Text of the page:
A Spring Cleaning for Healthful Eating

Life is busy, and before you know it, priorities—like eating healthfully—go out the window. The key to success is to have a plan and do your best to stick to it. Keeping on track is easy when you already have a weekly menu lined up and good foods in your home; otherwise, you risk impulse eating something not-so-great and regretting it.

You might think advance planning requires adding time to your already busy schedule. According to wellness pioneer Dr. Frank Lipman, though, research shows that the average American watches more than five hours of television each day, yet spends barely half an hour on food preparation. Take a good look at your less-than-productive hours and put them to better use by developing a smart and manageable food strategy.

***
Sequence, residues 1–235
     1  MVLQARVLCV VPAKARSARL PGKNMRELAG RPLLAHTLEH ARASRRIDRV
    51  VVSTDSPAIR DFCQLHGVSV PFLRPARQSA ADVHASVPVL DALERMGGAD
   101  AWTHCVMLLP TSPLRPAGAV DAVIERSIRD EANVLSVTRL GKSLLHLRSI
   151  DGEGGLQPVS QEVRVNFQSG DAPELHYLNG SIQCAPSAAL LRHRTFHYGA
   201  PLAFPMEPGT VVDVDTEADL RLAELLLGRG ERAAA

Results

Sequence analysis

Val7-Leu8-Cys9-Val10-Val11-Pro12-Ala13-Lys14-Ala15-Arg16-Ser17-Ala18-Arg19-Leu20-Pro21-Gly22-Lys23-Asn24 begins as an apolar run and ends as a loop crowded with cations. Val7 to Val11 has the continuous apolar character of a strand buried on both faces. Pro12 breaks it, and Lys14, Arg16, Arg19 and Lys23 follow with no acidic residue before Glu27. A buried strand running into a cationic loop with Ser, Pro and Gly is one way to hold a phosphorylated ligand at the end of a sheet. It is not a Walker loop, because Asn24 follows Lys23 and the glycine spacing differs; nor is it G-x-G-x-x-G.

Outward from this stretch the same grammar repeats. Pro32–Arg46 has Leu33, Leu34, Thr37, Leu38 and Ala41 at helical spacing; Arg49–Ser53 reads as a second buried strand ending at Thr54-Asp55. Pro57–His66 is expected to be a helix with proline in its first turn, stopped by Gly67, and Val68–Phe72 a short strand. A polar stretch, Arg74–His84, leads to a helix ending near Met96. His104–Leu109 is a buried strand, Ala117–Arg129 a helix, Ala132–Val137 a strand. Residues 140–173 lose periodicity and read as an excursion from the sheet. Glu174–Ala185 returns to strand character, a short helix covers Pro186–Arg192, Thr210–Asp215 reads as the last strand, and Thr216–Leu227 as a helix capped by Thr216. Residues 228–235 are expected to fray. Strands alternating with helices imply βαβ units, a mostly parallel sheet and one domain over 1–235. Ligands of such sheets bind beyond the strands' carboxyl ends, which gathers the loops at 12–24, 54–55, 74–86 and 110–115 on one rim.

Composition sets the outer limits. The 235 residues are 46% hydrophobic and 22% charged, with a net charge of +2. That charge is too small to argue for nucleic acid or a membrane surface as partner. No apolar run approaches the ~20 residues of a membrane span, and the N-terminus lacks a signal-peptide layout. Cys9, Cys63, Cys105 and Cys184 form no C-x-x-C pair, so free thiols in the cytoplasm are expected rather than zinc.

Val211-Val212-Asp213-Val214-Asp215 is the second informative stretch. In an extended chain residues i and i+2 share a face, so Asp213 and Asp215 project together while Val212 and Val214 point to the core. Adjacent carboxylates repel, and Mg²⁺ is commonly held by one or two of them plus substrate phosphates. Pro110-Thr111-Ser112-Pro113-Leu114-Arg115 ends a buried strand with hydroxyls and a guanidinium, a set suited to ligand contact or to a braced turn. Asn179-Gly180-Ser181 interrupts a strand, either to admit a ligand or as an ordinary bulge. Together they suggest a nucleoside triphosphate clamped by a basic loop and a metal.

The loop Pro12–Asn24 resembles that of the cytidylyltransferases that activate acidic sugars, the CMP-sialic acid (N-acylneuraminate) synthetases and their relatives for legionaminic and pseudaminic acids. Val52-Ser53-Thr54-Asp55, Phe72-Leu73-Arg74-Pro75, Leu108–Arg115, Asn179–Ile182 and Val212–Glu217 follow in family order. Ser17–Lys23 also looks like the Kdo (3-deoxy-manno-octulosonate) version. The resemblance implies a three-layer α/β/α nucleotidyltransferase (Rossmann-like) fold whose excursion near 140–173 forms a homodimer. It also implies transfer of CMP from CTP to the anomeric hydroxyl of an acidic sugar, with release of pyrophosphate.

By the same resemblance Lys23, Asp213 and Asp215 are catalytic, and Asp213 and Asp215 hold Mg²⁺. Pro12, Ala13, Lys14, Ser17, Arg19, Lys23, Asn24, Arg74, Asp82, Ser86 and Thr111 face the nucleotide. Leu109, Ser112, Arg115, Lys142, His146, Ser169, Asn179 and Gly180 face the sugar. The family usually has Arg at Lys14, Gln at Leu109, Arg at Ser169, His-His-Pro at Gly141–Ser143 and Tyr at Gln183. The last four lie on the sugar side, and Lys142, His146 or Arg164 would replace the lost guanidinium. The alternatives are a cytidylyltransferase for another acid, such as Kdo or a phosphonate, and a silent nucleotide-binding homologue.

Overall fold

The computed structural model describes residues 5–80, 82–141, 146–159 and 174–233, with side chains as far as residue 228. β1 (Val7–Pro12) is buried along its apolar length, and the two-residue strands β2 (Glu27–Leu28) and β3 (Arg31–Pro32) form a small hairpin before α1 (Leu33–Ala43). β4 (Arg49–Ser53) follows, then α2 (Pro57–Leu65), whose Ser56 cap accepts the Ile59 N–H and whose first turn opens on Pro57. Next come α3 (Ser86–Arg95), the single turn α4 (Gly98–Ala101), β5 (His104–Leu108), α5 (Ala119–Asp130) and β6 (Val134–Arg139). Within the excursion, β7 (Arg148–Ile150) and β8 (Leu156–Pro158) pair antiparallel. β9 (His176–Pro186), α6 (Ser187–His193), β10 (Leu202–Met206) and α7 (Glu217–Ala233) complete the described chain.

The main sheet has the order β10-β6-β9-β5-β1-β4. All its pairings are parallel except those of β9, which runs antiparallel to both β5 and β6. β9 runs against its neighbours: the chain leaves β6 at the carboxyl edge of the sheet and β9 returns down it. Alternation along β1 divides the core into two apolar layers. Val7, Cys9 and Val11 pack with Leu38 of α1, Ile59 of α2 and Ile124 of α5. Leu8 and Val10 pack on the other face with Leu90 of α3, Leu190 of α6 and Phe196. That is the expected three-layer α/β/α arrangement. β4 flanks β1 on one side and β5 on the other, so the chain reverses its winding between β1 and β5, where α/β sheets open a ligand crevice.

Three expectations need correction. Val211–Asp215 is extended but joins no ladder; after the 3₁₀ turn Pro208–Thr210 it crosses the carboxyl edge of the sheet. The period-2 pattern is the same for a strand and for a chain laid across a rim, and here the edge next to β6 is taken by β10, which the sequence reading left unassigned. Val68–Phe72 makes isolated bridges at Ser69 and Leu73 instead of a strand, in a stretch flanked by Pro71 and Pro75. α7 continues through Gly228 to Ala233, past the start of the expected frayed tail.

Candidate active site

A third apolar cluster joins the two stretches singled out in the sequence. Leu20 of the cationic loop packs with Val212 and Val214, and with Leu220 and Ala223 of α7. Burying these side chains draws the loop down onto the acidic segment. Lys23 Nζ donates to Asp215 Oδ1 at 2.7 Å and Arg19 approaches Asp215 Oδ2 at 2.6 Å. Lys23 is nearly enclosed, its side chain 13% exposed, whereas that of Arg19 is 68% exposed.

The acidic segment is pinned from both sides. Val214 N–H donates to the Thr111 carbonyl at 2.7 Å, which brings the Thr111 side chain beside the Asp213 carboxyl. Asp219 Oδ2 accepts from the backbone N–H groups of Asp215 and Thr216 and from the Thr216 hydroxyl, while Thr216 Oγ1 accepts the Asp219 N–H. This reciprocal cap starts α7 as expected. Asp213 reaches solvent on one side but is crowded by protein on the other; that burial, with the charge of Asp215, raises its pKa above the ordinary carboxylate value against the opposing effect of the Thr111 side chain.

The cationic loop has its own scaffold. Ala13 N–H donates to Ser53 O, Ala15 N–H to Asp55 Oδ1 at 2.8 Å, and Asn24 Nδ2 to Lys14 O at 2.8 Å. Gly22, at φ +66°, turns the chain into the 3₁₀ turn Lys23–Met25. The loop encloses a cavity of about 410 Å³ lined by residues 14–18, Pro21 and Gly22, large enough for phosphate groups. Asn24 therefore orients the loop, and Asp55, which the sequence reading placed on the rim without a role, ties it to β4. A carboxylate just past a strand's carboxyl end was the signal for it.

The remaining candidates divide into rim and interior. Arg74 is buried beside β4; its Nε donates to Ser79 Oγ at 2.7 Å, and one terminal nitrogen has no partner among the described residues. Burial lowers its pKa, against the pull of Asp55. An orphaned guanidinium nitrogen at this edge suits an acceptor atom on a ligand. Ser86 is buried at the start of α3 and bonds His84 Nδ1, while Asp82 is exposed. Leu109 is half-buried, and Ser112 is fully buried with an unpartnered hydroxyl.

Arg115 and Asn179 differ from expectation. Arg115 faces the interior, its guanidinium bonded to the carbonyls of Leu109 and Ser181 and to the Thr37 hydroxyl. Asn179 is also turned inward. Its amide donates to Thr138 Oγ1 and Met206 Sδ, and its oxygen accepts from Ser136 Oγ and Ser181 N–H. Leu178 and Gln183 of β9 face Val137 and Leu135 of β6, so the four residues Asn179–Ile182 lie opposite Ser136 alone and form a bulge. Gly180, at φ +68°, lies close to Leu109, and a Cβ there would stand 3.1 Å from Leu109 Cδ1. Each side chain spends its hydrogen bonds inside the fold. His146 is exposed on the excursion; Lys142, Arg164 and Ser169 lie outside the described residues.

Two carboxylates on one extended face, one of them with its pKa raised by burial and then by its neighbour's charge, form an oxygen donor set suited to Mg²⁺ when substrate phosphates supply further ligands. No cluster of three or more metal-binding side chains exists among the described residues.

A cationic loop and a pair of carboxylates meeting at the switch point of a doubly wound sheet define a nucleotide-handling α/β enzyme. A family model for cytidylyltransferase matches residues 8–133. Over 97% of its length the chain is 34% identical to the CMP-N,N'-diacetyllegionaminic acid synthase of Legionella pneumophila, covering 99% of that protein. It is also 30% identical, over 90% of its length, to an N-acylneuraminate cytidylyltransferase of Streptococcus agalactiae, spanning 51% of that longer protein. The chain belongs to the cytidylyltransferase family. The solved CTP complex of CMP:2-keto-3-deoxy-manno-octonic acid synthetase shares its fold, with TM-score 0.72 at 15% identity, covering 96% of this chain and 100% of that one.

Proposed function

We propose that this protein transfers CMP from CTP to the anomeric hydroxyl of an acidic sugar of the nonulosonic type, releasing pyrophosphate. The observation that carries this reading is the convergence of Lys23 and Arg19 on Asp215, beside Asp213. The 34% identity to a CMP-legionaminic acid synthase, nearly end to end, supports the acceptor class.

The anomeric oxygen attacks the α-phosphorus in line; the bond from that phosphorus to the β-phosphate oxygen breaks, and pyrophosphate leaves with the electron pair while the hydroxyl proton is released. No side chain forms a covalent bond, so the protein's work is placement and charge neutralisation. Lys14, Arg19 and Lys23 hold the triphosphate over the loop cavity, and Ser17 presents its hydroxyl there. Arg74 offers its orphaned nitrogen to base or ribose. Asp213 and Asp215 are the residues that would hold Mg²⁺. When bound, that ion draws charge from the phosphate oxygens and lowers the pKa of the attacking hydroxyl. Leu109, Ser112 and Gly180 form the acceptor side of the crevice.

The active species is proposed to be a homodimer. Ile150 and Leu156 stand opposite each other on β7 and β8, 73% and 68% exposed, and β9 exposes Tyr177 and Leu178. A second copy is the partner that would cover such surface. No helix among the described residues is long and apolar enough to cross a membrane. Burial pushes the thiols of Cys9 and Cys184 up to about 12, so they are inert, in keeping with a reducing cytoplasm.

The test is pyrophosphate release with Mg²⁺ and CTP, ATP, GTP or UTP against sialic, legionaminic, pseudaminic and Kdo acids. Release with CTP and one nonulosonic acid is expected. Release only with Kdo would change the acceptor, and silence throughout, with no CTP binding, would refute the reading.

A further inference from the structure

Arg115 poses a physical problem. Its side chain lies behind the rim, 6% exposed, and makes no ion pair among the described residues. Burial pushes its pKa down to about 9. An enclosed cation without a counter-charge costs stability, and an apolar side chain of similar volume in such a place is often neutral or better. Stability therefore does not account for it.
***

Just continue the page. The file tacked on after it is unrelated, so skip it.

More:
Plan and make meals to get you through the week by mixing and matching what you have on hand—whole, healthful foods in a variety of colors—with supplements from the grocery store. Be creative, but don’t overburden yourself trying to whip up something too fancy or intricate. Instead, spotlight one ingredient in multiple ways throughout the week. For example, grill up some chicken to use one night for dinner and on another day for lunch, shredded in a whole grain wrap. Hard-boil enough eggs to have for breakfast one day and to toss into a mixed greens salad a couple of days later. Cut up a bunch of carrots into sticks; put half into snack bags and cook up the other half into a simple glazed carrot side dish.

Consider the following:

  • Check your calendar every week and mark off the days where you will realistically be able to grocery shop, cook, eat dinner at home, or bring leftovers with you for lunch at the office.